How long would it be considered reasonable – and not the president’s responsibility – to preside over 23,000 murders in a country of just under 30 million people, a rate that would horrify the average resident of Baghdad? How long could supermarket shelves remain bare of basic staples like bread and milk before The Nation or The Guardian would gleefully decide that America was a failed, kleptocratic state? Or if Bush or Obama’s economic policies meant that toilet paper could no longer be found on the open market?
Every word, as they say, is true. And then some. Yet there’s been no shortage of “cheerleaders” (as Bloodworth put it) willing to set the facts aside and sing the praises of what Bloodworth (quite properly) calls Chávez’s “clownish revolution.”
Consider these excerpts from a piece that ran on CNN’s website, no less, after the caudillo’s death:
Hugo Chávez was beloved by millions around the world. He changed the course of a continent and led a collective awakening of a people once silenced, once exploited and ignored. Chávez was a grandiose visionary and a maker of dreams.
An honest man from a humble background ….Chávez dreamed of building a strong, sovereign nation, independent of foreign influence and dignified on the world scene. He dreamed of improving the lives of his people…
President Chávez made those dreams come true.
The author concludes by recalling a statement by Chávez to the effect that he was “just a soldier.” Her comment:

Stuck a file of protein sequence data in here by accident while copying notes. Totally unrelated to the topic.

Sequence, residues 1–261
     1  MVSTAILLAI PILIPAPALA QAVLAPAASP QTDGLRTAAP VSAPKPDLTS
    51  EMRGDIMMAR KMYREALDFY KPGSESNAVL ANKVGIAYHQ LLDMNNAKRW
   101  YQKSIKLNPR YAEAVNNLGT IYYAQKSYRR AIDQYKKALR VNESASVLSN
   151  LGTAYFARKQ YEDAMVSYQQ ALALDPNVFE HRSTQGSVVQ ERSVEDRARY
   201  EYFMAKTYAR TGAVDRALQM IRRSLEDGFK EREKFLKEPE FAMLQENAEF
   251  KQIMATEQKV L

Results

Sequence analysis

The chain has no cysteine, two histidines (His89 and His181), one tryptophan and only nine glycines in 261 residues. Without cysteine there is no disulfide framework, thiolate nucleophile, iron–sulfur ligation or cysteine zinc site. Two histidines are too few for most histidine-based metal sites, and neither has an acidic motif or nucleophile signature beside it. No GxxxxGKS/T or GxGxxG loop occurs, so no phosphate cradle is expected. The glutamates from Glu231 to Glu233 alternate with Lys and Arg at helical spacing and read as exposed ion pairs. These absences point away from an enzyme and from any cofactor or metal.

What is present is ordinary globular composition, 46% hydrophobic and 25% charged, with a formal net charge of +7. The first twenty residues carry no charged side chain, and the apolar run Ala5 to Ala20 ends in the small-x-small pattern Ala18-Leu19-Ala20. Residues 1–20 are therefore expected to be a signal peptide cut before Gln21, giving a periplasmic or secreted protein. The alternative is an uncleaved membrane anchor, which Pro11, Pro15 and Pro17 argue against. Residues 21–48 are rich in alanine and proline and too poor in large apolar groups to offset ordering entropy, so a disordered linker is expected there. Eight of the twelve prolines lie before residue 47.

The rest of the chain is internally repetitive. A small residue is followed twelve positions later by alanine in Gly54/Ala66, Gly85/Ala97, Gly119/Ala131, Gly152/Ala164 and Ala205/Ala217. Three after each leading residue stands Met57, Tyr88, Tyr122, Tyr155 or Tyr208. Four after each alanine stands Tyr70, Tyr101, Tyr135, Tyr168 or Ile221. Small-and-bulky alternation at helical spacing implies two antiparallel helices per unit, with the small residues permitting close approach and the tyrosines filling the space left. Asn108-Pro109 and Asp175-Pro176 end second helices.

Yes, Chávez, you are a soldier, a glorious soldier of a dignified, proud and kind people. And you are a maker of dreams for millions around the world.
The piece – with its over-the-top, Pyongyang-style encomia for the Dear Leader, its mastery of the good old Stalinist cult-of-personality style – precisely exemplifies the kind of rhetoric about Chávez that his own regime promoted. No surprise, then, that its author, Eva Golinger, turned out to be a longtime professional chavista – a policy adviser to the Venezuelan government, editor of a newspaper published by the Venezuelan government, and a former head of the New York-based Venezuela Solidarity Committee.
But what is surprising – or should be – is the number of people who presumably aren’t on the government payroll but who, despite the disastrous repercussions of Chávez’s rule, have persisted in praising him. Among them are reliable Hollywood lefties Oliver Stone, Sean Penn, and Michael Moore.
We’ve seen how Stone – a writer and director of considerable talent but staggeringly poor political judgment – made not one, not two, but three documentaries in praise of Fidel Castro; as it happens, he’s also directed two pictures about Chávez, South of the Border and My Friend Hugo, the latter of which was released last year on the first anniversary of the dictator’s demise. The New York Times reported that the problems with South of the Border
begin early on, with his account of Mr. Chávez’s rise. As “South of the Border” portrays it, Mr. Chávez’s main opponent in his initial run for president in 1998 was “a 6-foot-1-inch blond former Miss Universe” named Irene Sáez, and thus “the contest becomes known as the Beauty and the Beast” election.
But Mr. Chávez’s main opponent then was not Ms. Sáez, who finished third, with less than 3 percent of the vote. It was Henrique Salas Romer, a bland former state governor who won 40 percent of the vote.
The Times’s Stephen Holden called South of the Border a “provocative, if shallow, exaltation of Latin American socialism”; EntertainmentWeekly called it “rose-colored agitprop.” Confronted with a series of discrepancies between the historical record and the film’s account of it, Stone’s co-writer, Tariq Ali, explained: “We were not writing a book, or having an academic debate. [Our goal] was to have a sympathetic view of these governments.”